Sunday, February 12, 2012

Controversy & Possession

I don't feel like I'm incredibly controversial. I don't really have the sort of lifestyle that gets people too revved up. I don't do too many of the things that make my elders shake their head at me. I'm not one of the cool kids, but I don't think most of my peers think I'm the most lost cause. I'm basically in the neutral gray somewhere. I have a strong set of beliefs that I'm delighted to share, but am not trying to shove down anyone's throat (Living happily in them is a better way to convince people of their awesomeness anyway right?).

There is this one thing that makes me super controversial though.

And it's a funny thing because it's not a big deal to me and I sometimes forget how strong a reaction I am going to get when I tell people.

Are you ready for this? Are you? Drumroll please - pause for dramatic emphasis - and...

I don't have a tv. 

Dun. Dun. Duh.

Who cares right? That's what I thought, but some people seem to care.

That's not to say that I don't occasionally watch some tv. I don't think tv is evil. In fact, there are a few things I happily watch on Hulu when I get to them.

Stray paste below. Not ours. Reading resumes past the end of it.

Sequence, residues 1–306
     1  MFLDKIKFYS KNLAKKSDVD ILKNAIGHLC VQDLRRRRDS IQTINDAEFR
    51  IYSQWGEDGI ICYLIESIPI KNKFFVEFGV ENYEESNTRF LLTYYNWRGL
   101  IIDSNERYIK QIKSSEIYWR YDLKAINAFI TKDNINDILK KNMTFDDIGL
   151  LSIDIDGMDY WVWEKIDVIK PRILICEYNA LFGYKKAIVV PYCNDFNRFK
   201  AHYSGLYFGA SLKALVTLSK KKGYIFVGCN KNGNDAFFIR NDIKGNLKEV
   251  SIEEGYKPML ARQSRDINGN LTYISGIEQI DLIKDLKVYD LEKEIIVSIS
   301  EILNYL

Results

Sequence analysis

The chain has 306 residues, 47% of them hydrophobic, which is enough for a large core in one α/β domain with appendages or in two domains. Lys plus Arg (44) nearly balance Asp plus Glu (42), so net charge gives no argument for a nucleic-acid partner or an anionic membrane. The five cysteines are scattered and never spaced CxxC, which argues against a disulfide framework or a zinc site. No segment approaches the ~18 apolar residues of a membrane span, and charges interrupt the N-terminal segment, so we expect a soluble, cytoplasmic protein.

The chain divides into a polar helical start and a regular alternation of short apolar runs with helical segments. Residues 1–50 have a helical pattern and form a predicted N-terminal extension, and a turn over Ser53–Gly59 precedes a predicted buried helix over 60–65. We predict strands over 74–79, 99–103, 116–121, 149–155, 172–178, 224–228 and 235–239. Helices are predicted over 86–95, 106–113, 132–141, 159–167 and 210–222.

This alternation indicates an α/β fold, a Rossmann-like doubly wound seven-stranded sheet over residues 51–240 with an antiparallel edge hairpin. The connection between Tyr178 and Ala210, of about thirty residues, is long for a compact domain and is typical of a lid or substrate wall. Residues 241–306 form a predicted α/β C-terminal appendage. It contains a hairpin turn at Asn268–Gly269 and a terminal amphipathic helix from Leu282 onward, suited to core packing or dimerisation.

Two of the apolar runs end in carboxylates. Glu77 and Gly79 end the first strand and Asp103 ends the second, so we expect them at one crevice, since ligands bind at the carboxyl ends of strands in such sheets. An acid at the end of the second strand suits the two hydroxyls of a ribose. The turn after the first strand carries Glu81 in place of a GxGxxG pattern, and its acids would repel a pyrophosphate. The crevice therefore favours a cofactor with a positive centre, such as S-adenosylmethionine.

The point is though, I don't watch much tv. I certainly don't think it's worth paying for cable. I don't watch anything at the time it comes on. It's not a priority for me, and apparently this makes me pretty out there to some people. I'm increasingly unimpressed with television . I'm more and more disappointed at the way it possesses people's time. It is the thing people go home to do - or as seems more appropriate to me non-do.

So. here is a list of my thoughts, in no particular order, on why tv makes life worse in more important ways than it makes life better. And why I think it's far more shocking that they find it odd that I don't have a tv. I'm going to keep my rant simple and uneducated, like all good rants, but there is research out there on most of these things - like a lot of it...

1. Doing stuff is fun. It is less fun to watch imaginary people do stuff than actually do stuff myself. Watching tv isn't doing. It's non-doing.

2. Scheduling your life around watching imaginary people do stuff is absurd. I know this is less of a thing now with Tivo and the like, but many people still schedule to see things right away when they air. I hope I never race home by 7 to watch X. If X happens to be recorded on the internet and really excellent maybe I can get back to it. I've rarely been more offended than when someone has chosen television over getting together though.
Them: "I'd really like to get together sometime soon!"
Me: "Cool! How about Thursday?"
Them: "Thursday? Sorry, I can't I have to watch Blah Blah Blah"
Me: "Have a nice life then."
Ok, I've never said that to anyone, but I have been turned down for tv multiple times. And it causes some inner rage. Nothing makes a girl feel valued quite like when you choose the imaginary people over her.